This section provides information of the physical properties of Neodymium Iron Boron (NdFeB) magnets.

As already discussed in previous sections, the NdFeB magnet has various grades:- each grade has its own magnetic properties (relating to strength of magnetic field output and resistance to demagnetisation, maximum recommended operating temperature and temperature coefficients).

The grades have other physical properties which are similar between the grades. Below is an overview of these properties:-

Summary of Physical Properties of Neodymium Iron Boron, NdFeB, magnets

Characteristic Symbol Unit Value
Density D g/cc 7.5
Vickers Hardness Hv D.P.N 570
Compression Strength C.S N/mm2 780
Coefficient of Thermal Expansion C// 10-6/°C 7.5
  C^ 10-6/°C -0.1
Electrical Resistivity r µ Ω.cm 150
Temperature Coefficient of Resistivity a 10-4/°C 2
Electrical Conductivity s 106S/m 0.667
Thermal Conductivity  k kCal/(m.h.°C) 7.7
Specific Heat Capacity  c kCal/(kg.°C) 0.12
Tensile Strength σUTS, or SU kg/mm2 8
Young's Modulus  l / E 1011N/m2 1.6
Flexural Strength  b 10-12m2/N 9.8
Compressibility s 10-12m2/N 9.8
Rigidity  E.I N/m2 0.64
Poisson's Ratio n   0.24
Curie Temperature Tc °C 310

Structural use of Neodymium Iron Boron, NdFeB, magnets
There is a risk of chipping or breaking the magnets because all magnets are inherently brittle. The Neo magnets are less brittle than SmCo. It is advised to not put magnets in conditions of mechanical stress e.g. in load bearing situations.

The Effects of Radiation on Neodymium Iron Boron, NdFeB, magnets
The NdFeB magnets may be demagnetised by radiation. The Neodymium Rare Earth magnets do not perform as well as SmCo Rare Earth magnets. E.W. Blackmore, (TRIUMF, 1985) and A.F. Zeller & J.A. Nolen (National Superconducting Cyclotron Laboratory, 09/87) demonstrated SmCo having a better performance, with Sm2Co17 offering 2-40 times better radiation resistance than NdFeB. Some NdFeB grade are demagnetised to half their maximum performance with a proton beam radiation of 4 x 106 rads and are completely demagnetised with a proton beam radiation of 7 x 107 rads. A rule of thumb is to select magnets with higher Hci values, designed to operate at high Pci and, where possible, to have radiation shielding protecting them when being subjected to any levels of radiation. The user of the magnets would need to test for effectiveness of the magnets as the magnet suppliers do not have the equipment to test for suitability of magnet grades for environments with raised levels of radiation.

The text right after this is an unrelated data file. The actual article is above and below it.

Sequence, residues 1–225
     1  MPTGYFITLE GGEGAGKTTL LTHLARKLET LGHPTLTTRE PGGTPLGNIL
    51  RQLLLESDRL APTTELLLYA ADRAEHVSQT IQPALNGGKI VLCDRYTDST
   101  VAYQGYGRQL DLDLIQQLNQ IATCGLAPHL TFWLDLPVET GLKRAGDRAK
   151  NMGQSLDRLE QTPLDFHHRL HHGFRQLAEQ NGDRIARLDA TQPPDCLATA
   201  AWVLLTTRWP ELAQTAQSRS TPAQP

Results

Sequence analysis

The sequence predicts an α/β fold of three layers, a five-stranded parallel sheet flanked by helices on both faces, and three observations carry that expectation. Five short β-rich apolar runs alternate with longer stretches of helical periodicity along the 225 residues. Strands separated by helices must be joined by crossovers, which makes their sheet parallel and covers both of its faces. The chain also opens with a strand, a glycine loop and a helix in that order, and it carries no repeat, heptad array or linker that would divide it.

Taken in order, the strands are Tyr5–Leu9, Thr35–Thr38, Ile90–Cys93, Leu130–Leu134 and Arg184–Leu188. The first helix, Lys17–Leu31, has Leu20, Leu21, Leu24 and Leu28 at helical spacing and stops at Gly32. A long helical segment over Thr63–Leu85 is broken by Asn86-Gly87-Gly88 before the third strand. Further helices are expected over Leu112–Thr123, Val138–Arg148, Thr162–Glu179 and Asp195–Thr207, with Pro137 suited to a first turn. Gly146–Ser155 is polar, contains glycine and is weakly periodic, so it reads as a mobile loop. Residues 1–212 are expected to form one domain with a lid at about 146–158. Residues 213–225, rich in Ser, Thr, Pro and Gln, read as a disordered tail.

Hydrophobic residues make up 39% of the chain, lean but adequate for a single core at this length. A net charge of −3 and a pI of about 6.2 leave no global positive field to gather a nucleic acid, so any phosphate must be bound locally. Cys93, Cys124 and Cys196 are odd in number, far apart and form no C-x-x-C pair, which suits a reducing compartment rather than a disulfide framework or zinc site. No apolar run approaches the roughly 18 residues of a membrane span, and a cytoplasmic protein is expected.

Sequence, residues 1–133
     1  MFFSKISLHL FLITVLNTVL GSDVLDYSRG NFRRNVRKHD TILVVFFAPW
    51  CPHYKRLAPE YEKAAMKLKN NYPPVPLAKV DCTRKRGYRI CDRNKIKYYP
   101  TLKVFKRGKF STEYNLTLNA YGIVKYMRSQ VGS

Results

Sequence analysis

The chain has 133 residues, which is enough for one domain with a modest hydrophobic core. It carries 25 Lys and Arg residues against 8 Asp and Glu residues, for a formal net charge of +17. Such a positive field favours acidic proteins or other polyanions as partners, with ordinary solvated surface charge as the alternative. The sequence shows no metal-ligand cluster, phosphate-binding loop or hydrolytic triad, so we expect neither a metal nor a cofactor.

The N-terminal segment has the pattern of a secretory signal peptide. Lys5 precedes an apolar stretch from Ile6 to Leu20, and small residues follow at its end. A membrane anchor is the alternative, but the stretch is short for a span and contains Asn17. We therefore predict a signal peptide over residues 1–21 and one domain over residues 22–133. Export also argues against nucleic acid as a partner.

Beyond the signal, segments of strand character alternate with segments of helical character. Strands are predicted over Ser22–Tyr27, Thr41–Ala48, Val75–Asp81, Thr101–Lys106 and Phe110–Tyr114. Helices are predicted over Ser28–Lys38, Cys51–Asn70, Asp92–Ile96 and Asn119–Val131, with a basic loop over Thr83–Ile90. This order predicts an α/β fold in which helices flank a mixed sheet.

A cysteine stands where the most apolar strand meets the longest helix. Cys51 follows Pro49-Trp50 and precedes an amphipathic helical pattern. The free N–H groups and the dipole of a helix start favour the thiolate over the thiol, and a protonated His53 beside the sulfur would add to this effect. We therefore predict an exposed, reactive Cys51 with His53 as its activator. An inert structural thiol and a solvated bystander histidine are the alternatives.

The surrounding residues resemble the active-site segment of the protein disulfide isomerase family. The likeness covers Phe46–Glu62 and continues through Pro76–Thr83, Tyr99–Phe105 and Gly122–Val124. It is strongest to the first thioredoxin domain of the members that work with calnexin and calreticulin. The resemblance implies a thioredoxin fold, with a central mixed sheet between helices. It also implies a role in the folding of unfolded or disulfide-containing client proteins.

Neodymium Iron Boron, NdFeB, magnets and corrosion resistance
The NdFeB magnets require a protective coating / surface finish to minimize the effects of corrosion. Iron within the structure can ‘rust’ which causes a permanent structural change in NdFeB which results in a permanent weakening of the magnetic performance – the worst case scenario is a total loss of magnetism.

A NdFeB magnet kept in dry conditions will not corrode and will retain its performance theoretically for ever (if not subjected to excessive heat, radiation or strong external magnetic fields). If the conditions are wet, it is recommended that alternative magnets be considered for use of that the magnet design try to protect the magnet from moisture (e.g. encasing, modified coatings such as zinc plus rubber, etc). The plating / surface finish should be hermetic for best corrosion protection – scratched or damaged surfaced may render the affected region more prone to corrosion. Marine environments (salt sprays, sea water) are particularly corrosive and far from ideal for NdFeB. In critical applications where corrosion and magnet failure are unacceptable, magnets such as ferrite or SmCo may be more suitable. Please note that any claims that a NdFeB magnet will not corrode is misleading. It is claimed that higher Hci magnets resist corrosion better although the empirical results are not so conclusive (a trend suggesting an improvement in corrosion resistance exists but it is not guaranteed). It is the application and the overall design that determines how well the magnet will perform in damp environments.

Table comparing main coating types

COATING APPLIED NICKEL EPOXY RESIN Ni + EPOXY
Electroless Powder Spray
Coating
E-Coating Nickel plating
+ Epoxy E-Coating
Coating Thickness Range (microns) 12 to 25 25 to 40 20 to 40 15 to 25 25 to 40
Homogeneity Excellent Good Poor Excellent Good
Effectiveness versus Magnet Size Small (<20 grams) Excellent Good Fair Good Good
Large (>20 grams) Fair to Good Good Fair Good Good
Hours before coating is likely to fail Temp. & Humidity
(60ºC, 95%RH)
>2500 >500 >1500 >2500
Temp. & Humidity
(85ºC, 85%RH)
>500 >100 >300 >500
Salt Spray
(35ºC, 5% NaCl)
>48 <24 >100 >200
Coating Colour Silver Silver Black Black Black
Heat Cycle Fair Fair Fair Fair Fair
Heat Resistance Poor Poor Poor Poor Poor
Collision Test Fair Fair Fair Fair Fair
Film to material adhesion test Fair Fair Fair Fair Fair
Glue adhesion test Fair Fair Fair Fair Fair
Tolerance accuracy Excellent Excellent Fair Fair Fair to Poor
Additional Remarks 15-30 microns Ni-Cu-Ni Standard coating Epoxy resins are not hermetic Thickness buildup can be a problem